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The city hears two offers from separate interests on land at 160 Calle Magdalena, where the Public Works Yard currently is situated. Both offers were rejected, as the city has no plans to sell. Photo by Tony Cagala
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City rebuffs public works yard offers

ENCINITAS — Encinitas officials recently turned down two offers to purchase a coveted piece of city-owned property that serves as the site of the public works yard.

The City Council was prepared to consider the two offers during a closed-session meeting on Sept. 14, but Mayor Kristin Gaspar announced during the regular meeting that the council decided against adjourning to closed session and declined to discuss the offers.

The two bids, made nearly 18 months apart, were for the 4.4-acre property at 160 Calle Magdalena, the location of the city’s public works yard. The land used to be the site of a Chevrolet dealership before the city bought the land in July 2006 and moved its public works operations there in early 2009.

The initial bid was made in May 2015 by Guesthouse Hotel Development, LLC, a Scottsdale-based hotel development chain. The city fielded a second offer on Aug. 16 from Orange County-based Patriot Equity Partners, a retail development chain.

City officials said both offers were unsolicited, and the city has not made the property available.

“The city has given no indications of wanting to sell this property,” said Bob McSeveney, a senior management analyst for the city. “The unsolicited nature of the offers is likely due to the location.”

City Public Works Director Glen Pruim, who oversees the yard where the public works department stages its vehicles and equipment, said he could understand why the property is attractive to developers.

“It has easy access to the 5 Freeway, it’s near one of the biggest streets in the city, Encinitas Boulevard,” Pruim said. “In fact, many of the reasons it’s attractive to developers are reasons we think it works as a public works yard.”

The city declined to comment on the details of the offers, citing the confidentiality of real property negotiations, but the president of one of the companies, Guesthouse, revealed that they offered the city $30 per usable square foot of property, or just more than $4 million.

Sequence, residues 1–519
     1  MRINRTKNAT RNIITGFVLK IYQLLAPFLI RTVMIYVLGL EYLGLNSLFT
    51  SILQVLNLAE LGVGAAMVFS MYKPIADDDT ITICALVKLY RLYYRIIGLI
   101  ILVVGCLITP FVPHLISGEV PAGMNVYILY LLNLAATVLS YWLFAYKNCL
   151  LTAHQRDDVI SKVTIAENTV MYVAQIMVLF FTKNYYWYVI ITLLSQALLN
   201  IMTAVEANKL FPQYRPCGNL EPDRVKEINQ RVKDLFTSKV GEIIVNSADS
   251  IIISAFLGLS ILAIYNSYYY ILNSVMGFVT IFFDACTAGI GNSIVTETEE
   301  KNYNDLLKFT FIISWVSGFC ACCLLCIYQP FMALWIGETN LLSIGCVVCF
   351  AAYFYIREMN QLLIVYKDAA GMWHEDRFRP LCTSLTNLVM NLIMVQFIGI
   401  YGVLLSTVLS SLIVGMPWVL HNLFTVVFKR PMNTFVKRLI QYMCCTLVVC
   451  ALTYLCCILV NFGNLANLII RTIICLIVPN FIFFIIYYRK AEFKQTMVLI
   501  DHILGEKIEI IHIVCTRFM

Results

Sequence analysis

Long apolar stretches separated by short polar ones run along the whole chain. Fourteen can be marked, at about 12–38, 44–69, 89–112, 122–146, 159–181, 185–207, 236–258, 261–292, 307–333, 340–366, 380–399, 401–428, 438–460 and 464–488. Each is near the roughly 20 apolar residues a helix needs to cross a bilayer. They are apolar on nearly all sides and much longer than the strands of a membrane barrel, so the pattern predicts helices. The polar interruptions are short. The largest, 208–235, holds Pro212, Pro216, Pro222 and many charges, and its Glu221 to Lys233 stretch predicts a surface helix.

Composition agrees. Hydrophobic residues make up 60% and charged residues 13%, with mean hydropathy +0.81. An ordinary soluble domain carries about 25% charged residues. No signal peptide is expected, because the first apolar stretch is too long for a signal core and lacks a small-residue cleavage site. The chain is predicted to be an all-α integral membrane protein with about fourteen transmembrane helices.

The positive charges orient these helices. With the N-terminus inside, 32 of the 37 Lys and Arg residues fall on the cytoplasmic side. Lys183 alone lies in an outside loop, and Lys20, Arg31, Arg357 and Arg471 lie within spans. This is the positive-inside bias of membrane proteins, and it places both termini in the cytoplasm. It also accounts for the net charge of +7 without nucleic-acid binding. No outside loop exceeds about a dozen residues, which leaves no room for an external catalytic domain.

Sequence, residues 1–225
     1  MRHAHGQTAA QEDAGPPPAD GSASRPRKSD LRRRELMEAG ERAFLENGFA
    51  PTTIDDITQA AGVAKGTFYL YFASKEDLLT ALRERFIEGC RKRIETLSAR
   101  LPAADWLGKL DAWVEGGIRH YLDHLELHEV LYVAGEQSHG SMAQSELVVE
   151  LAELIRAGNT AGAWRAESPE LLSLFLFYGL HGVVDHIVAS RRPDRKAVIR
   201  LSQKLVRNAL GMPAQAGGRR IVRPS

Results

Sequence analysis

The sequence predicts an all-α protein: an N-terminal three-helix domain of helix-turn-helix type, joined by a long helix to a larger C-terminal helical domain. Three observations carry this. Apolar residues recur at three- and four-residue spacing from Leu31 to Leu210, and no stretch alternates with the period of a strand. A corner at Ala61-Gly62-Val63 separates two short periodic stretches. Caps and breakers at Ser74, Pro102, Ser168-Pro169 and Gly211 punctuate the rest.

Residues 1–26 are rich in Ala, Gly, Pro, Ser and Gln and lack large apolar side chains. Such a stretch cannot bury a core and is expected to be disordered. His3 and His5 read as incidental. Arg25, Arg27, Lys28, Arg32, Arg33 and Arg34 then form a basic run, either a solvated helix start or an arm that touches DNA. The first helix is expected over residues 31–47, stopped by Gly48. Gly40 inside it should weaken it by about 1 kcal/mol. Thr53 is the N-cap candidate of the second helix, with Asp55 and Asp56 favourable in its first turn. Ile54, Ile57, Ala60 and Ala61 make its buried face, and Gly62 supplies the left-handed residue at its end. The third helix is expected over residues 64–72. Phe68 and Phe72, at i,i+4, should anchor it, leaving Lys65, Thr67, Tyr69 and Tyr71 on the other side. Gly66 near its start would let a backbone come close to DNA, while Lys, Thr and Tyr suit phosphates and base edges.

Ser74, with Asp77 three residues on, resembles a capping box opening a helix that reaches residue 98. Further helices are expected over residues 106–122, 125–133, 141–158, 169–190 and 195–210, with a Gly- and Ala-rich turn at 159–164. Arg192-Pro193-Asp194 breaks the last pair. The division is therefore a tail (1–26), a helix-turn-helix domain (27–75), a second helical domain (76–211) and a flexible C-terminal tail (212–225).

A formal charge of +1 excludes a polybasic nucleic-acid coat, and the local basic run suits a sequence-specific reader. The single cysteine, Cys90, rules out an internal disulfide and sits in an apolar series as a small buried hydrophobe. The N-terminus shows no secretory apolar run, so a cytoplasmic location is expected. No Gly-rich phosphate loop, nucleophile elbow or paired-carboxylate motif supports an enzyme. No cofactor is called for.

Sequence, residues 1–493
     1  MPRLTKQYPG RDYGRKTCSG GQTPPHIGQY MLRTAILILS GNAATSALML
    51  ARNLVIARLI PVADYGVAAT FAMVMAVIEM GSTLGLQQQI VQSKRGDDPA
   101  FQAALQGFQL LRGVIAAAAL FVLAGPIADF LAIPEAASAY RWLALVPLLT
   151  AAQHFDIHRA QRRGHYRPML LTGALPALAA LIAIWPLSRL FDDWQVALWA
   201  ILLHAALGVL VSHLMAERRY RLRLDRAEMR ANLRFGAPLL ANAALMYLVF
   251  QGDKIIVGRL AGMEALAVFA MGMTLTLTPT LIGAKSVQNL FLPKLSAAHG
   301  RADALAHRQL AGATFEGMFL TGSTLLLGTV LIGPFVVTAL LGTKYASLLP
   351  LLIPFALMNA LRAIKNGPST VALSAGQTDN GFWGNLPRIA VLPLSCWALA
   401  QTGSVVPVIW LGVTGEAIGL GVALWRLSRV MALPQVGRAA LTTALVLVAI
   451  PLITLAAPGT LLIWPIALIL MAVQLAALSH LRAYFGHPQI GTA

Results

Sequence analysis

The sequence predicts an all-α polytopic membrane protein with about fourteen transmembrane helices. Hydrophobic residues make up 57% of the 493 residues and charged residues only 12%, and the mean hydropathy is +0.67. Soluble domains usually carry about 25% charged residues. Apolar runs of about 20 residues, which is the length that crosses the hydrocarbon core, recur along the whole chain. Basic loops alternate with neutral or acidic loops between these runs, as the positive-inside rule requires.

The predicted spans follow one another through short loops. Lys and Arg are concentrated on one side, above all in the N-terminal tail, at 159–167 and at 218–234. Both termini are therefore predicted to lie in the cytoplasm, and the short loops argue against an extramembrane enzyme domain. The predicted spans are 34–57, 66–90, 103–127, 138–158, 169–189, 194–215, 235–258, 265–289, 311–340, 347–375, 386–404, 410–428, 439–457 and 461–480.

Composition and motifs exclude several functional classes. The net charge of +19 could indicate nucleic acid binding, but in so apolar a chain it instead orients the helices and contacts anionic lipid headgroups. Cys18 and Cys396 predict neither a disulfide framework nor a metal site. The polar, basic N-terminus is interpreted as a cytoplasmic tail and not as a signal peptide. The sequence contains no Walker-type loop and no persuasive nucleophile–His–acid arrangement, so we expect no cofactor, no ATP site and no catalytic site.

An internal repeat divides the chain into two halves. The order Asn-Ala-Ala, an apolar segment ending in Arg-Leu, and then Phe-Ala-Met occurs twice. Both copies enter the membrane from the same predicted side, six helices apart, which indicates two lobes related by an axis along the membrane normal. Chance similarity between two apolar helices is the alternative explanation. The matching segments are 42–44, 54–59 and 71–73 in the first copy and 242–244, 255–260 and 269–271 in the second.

McSeveney said that the city did not take action on the initial offer because it was during the time when the city did not have a permanent city manager and the initial offer expired after five days. Guesthouse Development renewed its offer in August after Patriot Equity Partners solicited its offer.

Jordan Scott, president of Guesthouse Development, said the company learned about the property for one of its brokers that scout out potential hotel sites across the country.

“We were kind of throwing spaghetti on the wall and seeing what stuck,” Scott said. “We’re disappointed to hear that they aren’t going to consider the offer, we think it would be a great location for a hotel.”

Encinitas Chamber of Commerce CEO Bob Gattinella said he wasn’t surprised that the city didn’t consider the offers, but said the city has a shortage of hotel rooms that needs to be addressed at some point.

“Encinitas is a tourist town, but we don’t have the hotel infrastructure that we really should have,” Gattinella said. “But there is a segment of the population here that doesn’t want to see that grow.”

Gattinella said that a public works yard might not be the highest and best use from a revenue-generating perspective, but doesn’t expect the city to give up the property any time soon.

“I was pretty sure that the city wasn’t going to sell the property after they just purchased Pacific View,” Gattinella said. “It wouldn’t make sense for them to sell it, but it is a very large piece of property and any company would be happy to put something there, as the city is.”

Pruim said he hopes the city holds on to the property for the yard.

“I don’t see a downside of having the yard there,” Pruim said.

1 comment

citywatch September 22, 2016 at 10:17 pm

The Council’s memory should be refreshed on what a previous Council paid for the car dealership property, now the public works yard. Somewhere in the vicinity of $10.5 million with the addition of several more million to fix up the turnkey property. Add to that the $3 million that the San Dieguito Water District was forced to pay to have a home after the Council/Board transferred the SDWD land to the city for a paltry amount of money.
And the Council actually entertained the thought of $4 million for the public works yard? What a deal for the buyer – a $15 million dollar piece of city property for $4 millon.

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